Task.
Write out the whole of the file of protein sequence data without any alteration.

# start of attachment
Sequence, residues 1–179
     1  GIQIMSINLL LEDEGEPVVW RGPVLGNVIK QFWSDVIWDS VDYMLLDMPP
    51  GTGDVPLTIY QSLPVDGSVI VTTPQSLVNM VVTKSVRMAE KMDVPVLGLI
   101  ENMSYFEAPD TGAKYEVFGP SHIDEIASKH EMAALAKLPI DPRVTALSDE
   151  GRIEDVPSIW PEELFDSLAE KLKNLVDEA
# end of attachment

Sequence, residues 1–179
     1  GIQIMSINLL LEDEGEPVVW RGPVLGNVIK QFWSDVIWDS VDYMLLDMPP
    51  GTGDVPLTIY QSLPVDGSVI VTTPQSLVNM VVTKSVRMAE KMDVPVLGLI
   101  ENMSYFEAPD TGAKYEVFGP SHIDEIASKH EMAALAKLPI DPRVTALSDE
   151  GRIEDVPSIW PEELFDSLAE KLKNLVDEA